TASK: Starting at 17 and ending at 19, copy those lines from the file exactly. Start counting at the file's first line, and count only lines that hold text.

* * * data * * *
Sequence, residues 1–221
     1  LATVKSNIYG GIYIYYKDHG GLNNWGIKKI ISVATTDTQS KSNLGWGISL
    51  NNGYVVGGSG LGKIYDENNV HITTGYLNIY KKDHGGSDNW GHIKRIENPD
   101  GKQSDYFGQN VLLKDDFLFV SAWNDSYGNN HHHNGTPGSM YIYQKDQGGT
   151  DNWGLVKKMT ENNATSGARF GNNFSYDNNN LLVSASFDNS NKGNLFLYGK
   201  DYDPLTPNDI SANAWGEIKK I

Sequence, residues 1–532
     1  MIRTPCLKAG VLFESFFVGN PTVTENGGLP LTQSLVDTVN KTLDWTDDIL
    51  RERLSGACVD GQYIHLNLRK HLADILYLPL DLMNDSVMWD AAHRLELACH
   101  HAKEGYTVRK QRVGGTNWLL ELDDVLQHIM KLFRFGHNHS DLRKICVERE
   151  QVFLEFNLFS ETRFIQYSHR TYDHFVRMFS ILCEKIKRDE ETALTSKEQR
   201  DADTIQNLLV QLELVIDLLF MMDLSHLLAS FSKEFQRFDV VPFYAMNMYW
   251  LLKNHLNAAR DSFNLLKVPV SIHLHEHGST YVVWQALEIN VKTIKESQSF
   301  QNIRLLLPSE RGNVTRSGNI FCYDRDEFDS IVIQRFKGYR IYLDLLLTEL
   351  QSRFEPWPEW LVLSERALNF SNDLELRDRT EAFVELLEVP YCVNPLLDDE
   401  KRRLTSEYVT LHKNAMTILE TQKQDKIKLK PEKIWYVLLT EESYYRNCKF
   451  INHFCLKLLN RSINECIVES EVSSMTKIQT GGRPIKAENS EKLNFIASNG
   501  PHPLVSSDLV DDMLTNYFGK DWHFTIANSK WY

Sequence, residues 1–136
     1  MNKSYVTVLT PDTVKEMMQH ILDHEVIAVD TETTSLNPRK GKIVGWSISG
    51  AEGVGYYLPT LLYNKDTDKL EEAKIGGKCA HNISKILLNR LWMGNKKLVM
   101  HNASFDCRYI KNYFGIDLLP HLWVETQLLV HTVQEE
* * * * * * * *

   451  INHFCLKLLN RSINECIVES EVSSMTKIQT GGRPIKAENS EKLNFIASNG
   501  PHPLVSSDLV DDMLTNYFGK DWHFTIANSK WY

Sequence, residues 1–136